Tomorrow Mikaela Nyman and Rebecca Tobo Olul-Hossen launch their book Sista, Stanap Strong! A Vanuatu Women’s Anthology, which brings together poetry, fiction, essay, memoir, and song, by three generations of women.
The following essay is by 20-year-old student Kali Regenvanu. It appears near the end of the book, bringing together threads that are woven throughout: railing against entrenched sexism, violence, addiction and poverty.
A letter to Vanuatu: Unkept promises
Vanuatu, you have taken from me.
You have stolen from me my rightful property: my freedom. You have taken it and altered it beyond recognition, twisting it into free doom. You have twisted this Pacific paradise into an unholy hell for women, soaked in misery from decades of our tears – the tears of the women you have crushed under your weight.
Vanuatu, though banning plastic straws has earned you the global title of underdog David to the world’s Goliath, do not fool yourself. Whereas banning straws is a step towards a sunny horizon, your history of wrongdoing to those who live within you places you a hundred steps behind. How can you sleep at night, knowing our nation cares more for the wellbeing of distant beings in the ocean than your very own kin? The ones that gave you life without whom you would not exist.
Vanuatu, tell me why our local news is littered with the rape, abuse and killing of women and girls. As if it’s normal. The men of our nation are disturbingly ignorant to read these bone-chilling stories each and every day and do absolutely nothing about it. Are we not all equally human? Or have the men in our nation evolved into robots, mechanical beings without hearts? How are you so comfortable in your misogyny that you can happily ignore us women?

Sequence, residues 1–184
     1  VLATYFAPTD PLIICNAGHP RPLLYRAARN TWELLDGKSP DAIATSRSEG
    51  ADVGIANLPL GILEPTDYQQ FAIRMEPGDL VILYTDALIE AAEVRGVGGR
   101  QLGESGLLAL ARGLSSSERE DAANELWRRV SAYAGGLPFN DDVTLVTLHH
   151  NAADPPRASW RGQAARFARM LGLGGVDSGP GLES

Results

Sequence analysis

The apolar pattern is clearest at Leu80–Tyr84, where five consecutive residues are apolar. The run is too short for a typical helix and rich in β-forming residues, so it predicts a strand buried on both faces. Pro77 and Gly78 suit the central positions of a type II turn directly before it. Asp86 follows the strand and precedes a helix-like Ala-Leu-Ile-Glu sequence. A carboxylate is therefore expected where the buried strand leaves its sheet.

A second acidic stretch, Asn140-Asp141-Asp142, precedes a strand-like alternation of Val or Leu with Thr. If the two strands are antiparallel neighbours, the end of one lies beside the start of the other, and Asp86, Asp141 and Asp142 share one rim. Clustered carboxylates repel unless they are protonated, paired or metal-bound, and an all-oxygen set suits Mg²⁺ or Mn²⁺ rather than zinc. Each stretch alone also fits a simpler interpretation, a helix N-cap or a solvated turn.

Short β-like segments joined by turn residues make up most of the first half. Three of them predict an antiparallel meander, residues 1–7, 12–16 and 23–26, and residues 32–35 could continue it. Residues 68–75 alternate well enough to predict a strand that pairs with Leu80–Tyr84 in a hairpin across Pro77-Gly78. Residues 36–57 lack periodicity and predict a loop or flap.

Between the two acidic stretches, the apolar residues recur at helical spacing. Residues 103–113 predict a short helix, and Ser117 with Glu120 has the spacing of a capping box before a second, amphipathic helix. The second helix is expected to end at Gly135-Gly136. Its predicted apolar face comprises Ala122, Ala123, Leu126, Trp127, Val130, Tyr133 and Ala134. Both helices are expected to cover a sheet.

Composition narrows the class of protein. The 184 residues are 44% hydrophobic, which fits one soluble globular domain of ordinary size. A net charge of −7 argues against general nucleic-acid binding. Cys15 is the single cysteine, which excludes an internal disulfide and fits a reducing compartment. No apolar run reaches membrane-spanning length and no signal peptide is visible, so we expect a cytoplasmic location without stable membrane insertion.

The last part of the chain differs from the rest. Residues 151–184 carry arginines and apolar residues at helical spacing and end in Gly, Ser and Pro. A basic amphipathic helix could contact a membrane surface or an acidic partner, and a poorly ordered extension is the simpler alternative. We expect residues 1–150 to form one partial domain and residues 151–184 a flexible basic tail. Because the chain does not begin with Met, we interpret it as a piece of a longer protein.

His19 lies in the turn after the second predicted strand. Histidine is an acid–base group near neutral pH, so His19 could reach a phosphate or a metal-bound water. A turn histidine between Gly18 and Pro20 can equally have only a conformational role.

You stick your fingers into your ears while we scream for help.
You squeeze your eyes shut when you see us suffer.
You tie your hands behind your back when we ask you to free us from our shackles.
You clamp your mouth shut when you’re given the opportunity to speak up.
You choose ignorance.
And when you choose ignorance, you leave us to suffer, tormented by your inaction.
While you sit on your throne and sip the sweet nectar of power and carelessness, we lie crippled and broken at your feet. A mere shell of who we could be, if you gave us the chance.
Wings clipped and dreams shot down.
Dear Vanuatu, it has become increasingly clear that you are afraid of us. You try to contain us like a deadly virus, to make us submit like dogs. You are afraid because you see our potential and our power. Though you attempt again and again to brainwash us with your dull male chauvinism and tacky paternalistic power structures, we have vision that goes beyond your feeble-minded sight. We will unlearn all the lessons that you have forced upon us in your medieval school of thought.
Every lesson made to
will be discontinued. These lessons are not only outdated, they never should have existed in the first place.
No longer will we be controlled by you. Vanuatu, you owe us humanity and correction. No more violence, no more intimidation. No more incompetent government officials. No more ignorance. No more pretending.
Vanuatu, you have had years to do the right thing and you have not. Snap out of it. The women of Vanuatu are beyond exhausted by your ineptitude. As a nation we represent a gross violation of human rights and wellbeing. The ranking of Vanuatu as the happiest place on Earth was a bright cover-up, a beautiful lie fed to us to make women believe we are lucky to live on these “heavenly” islands. Vanuatu is the happiest place on Earth for the sexist, the power-hungry and cruel. It is the happiest place on Earth to the blissfully and stupidly unaware.